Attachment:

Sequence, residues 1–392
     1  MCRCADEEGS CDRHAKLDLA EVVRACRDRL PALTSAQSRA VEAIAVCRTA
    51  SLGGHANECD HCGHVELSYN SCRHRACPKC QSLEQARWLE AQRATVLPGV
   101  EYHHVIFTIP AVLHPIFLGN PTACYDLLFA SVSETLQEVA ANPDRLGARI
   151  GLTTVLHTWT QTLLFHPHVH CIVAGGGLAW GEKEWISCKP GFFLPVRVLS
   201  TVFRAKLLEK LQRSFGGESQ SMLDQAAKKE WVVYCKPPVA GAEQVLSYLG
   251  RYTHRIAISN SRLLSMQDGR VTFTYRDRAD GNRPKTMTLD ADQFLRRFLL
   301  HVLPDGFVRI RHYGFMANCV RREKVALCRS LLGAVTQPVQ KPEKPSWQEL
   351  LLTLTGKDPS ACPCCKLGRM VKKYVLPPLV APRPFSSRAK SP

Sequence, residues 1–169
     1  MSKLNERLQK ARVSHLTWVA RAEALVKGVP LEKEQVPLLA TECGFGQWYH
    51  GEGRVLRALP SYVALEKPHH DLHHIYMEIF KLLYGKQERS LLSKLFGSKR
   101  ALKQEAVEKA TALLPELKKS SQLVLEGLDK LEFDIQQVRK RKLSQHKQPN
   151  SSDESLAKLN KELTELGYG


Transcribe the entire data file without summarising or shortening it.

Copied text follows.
Sequence, residues 1–392
     1  MCRCADEEGS CDRHAKLDLA EVVRACRDRL PALTSAQSRA VEAIAVCRTA
    51  SLGGHANECD HCGHVELSYN SCRHRACPKC QSLEQARWLE AQRATVLPGV
   101  EYHHVIFTIP AVLHPIFLGN PTACYDLLFA SVSETLQEVA ANPDRLGARI
   151  GLTTVLHTWT QTLLFHPHVH CIVAGGGLAW GEKEWISCKP GFFLPVRVLS
   201  TVFRAKLLEK LQRSFGGESQ SMLDQAAKKE WVVYCKPPVA GAEQVLSYLG
   251  RYTHRIAISN SRLLSMQDGR VTFTYRDRAD GNRPKTMTLD ADQFLRRFLL
   301  HVLPDGFVRI RHYGFMANCV RREKVALCRS LLGAVTQPVQ KPEKPSWQEL
   351  LLTLTGKDPS ACPCCKLGRM VKKYVLPPLV APRPFSSRAK SP

Sequence, residues 1–169
     1  MSKLNERLQK ARVSHLTWVA RAEALVKGVP LEKEQVPLLA TECGFGQWYH
    51  GEGRVLRALP SYVALEKPHH DLHHIYMEIF KLLYGKQERS LLSKLFGSKR
   101  ALKQEAVEKA TALLPELKKS SQLVLEGLDK LEFDIQQVRK RKLSQHKQPN
   151  SSDESLAKLN KELTELGYG